eject

play
verb \i-ˈjekt\

Definition of eject

  1. transitive verb
  2. 1a :  to throw out especially by physical force, authority, or influence ejected the player from the gameb :  to evict from property

  3. 2 :  to throw out or off from within ejects the empty cartridges

ejectable

play \i-ˈjek-tə-bəl\ adjective

ejection

play \i-ˈjek-shən\ noun

ejective

play \i-ˈjek-tiv\ adjective

Examples of eject in a Sentence

  1. The machine automatically ejected the CD.

  2. The pilot ejected when his plane caught fire.

Recent Examples of eject from the Web

These example sentences are selected automatically from various online news sources to reflect current usage of the word 'eject.' Views expressed in the examples do not represent the opinion of Merriam-Webster or its editors. Send us feedback.

Origin and Etymology of eject

Middle English, from Latin ejectus, past participle of eicere, from e- + jacere

Synonym Discussion of eject

eject, expel, oust, evict mean to drive or force out. eject carries an especially strong implication of throwing or thrusting out from within as a physical action. ejected an obnoxious patron from the bar expel stresses a thrusting out or driving away especially permanently which need not be physical. a student expelled from college oust implies removal or dispossession by power of the law or by force or compulsion. police ousted the squatters evict chiefly applies to turning out of house and home. evicted for nonpayment of rent

EJECT Defined for English Language Learners

eject

play
verb

Definition of eject for English Language Learners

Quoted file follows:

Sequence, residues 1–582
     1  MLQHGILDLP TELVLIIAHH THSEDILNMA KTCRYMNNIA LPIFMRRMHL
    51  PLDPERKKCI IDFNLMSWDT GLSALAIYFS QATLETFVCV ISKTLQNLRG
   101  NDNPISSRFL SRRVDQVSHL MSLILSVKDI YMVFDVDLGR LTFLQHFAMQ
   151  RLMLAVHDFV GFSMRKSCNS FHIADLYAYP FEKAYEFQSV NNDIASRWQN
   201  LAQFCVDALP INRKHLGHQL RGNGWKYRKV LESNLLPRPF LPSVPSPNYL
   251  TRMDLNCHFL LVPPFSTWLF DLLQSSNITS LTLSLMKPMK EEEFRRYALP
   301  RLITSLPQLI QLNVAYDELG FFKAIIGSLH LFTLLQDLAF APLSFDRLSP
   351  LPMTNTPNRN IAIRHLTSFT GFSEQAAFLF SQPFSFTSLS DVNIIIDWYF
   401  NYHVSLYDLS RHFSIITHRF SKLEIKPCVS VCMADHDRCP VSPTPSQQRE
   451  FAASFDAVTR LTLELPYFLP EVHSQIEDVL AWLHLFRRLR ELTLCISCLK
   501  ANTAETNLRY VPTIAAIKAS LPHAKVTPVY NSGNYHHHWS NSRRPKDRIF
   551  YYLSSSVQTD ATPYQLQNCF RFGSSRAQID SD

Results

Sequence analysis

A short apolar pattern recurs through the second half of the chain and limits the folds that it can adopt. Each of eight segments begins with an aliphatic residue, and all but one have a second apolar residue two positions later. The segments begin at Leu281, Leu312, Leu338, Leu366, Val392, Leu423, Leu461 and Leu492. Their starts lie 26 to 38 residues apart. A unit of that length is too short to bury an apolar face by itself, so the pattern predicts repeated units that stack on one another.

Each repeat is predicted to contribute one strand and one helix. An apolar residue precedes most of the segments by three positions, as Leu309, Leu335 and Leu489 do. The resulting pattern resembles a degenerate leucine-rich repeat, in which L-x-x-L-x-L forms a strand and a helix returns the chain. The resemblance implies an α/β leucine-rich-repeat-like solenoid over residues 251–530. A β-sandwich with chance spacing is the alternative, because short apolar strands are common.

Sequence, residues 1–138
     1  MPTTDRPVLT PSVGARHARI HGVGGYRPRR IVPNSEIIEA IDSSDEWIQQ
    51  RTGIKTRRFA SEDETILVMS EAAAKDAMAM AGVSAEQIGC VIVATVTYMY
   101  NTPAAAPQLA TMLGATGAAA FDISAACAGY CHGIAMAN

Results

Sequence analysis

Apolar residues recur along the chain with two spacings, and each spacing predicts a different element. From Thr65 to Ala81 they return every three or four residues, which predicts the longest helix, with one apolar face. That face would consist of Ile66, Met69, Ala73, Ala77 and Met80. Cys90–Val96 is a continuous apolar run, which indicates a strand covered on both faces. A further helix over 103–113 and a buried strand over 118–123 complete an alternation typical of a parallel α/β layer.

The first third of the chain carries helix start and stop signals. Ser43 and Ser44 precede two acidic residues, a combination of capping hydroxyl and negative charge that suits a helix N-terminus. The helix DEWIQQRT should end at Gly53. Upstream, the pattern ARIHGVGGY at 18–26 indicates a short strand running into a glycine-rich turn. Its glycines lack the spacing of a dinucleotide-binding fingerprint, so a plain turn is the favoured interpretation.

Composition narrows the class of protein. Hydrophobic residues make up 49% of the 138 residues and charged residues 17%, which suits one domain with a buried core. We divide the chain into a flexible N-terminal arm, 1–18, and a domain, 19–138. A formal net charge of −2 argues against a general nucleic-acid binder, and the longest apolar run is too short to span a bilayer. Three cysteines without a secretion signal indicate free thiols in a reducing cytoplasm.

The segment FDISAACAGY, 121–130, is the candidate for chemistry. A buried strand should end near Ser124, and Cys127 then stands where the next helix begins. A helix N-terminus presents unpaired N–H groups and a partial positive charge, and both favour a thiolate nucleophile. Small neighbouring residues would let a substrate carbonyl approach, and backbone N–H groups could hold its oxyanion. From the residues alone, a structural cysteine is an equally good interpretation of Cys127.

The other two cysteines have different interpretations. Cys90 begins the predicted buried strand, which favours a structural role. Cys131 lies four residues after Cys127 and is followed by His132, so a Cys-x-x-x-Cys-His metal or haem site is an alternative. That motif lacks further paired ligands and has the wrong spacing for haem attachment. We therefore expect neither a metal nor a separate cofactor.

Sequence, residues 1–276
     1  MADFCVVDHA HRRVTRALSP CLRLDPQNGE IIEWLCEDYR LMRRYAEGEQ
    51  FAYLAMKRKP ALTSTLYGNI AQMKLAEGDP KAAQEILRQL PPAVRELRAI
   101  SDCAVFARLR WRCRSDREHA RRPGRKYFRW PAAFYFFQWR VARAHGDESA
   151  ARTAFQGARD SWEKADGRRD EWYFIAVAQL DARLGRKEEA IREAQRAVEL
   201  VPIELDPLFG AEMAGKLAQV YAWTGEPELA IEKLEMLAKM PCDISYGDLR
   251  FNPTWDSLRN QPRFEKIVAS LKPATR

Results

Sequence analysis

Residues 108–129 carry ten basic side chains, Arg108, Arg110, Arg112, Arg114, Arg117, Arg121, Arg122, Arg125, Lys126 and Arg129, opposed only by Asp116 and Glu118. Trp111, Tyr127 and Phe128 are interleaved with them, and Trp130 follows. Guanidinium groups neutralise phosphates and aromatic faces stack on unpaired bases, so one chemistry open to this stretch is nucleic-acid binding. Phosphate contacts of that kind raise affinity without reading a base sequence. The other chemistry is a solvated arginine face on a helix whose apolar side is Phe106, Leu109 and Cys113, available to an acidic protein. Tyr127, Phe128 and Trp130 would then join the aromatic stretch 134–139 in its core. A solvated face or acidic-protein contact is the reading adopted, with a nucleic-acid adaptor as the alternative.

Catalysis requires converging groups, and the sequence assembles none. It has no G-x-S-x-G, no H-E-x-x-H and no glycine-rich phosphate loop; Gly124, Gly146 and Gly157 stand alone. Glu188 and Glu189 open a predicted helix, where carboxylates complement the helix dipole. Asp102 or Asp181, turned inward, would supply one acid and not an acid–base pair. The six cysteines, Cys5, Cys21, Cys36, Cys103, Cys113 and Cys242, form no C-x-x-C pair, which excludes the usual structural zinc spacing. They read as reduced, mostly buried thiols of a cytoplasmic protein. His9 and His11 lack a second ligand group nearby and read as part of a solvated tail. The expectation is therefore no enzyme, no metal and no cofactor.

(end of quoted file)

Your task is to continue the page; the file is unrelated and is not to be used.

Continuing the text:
• : to force (someone) to leave

  • : to push (something) out

  • : to use a special device that throws you out and away from an airplane in an emergency : to use an ejection seat


EJECT Defined for Kids

eject

play
verb \i-ˈjekt\

Definition of eject for Students

ejected

;

ejecting

  1. :  to force or push out He was ejected from the meeting. The machine ejected the tape.

Word Root of eject

The Latin word jacere, meaning “to throw,” and its form jactus give us the root ject. Words from the Latin jacere have something to do with throwing. To reject is to throw back or away. To eject is to throw out. To inject is to throw one thing into another. To project is to throw forward onto a surface.


Medical Dictionary

eject

play
transitive verb \i-ˈjekt\

Medical Definition of eject

  1. :  to force out or expel from within blood ejected from the heart—S. F. Mason

ejection

\-ˈjek-shən\play noun

Law Dictionary

eject

play
transitive verb \i-ˈjekt\

Legal Definition of eject



Seen and Heard

What made you want to look up eject? Please tell us where you read or heard it (including the quote, if possible).

Love words? Need even more definitions?

Subscribe to America's largest dictionary and get thousands more definitions and advanced search—ad free!

WORD OF THE DAY

cleverly stylish

Get Word of the Day daily email!

Test Your Vocabulary

Time Traveler Quiz: Which Word Came First?

  • time-traveler-quiz-which-word-came-first
  • Which came first?
Name That Thing

Test your visual vocabulary with our 10-question challenge!

TAKE THE QUIZ
SCRABBLE® Sprint

Test Your Knowledge - and learn some interesting things along the way.

TAKE THE QUIZ

Love words? Need even more definitions?

Subscribe to America's largest dictionary and get thousands more definitions and advanced search—ad free!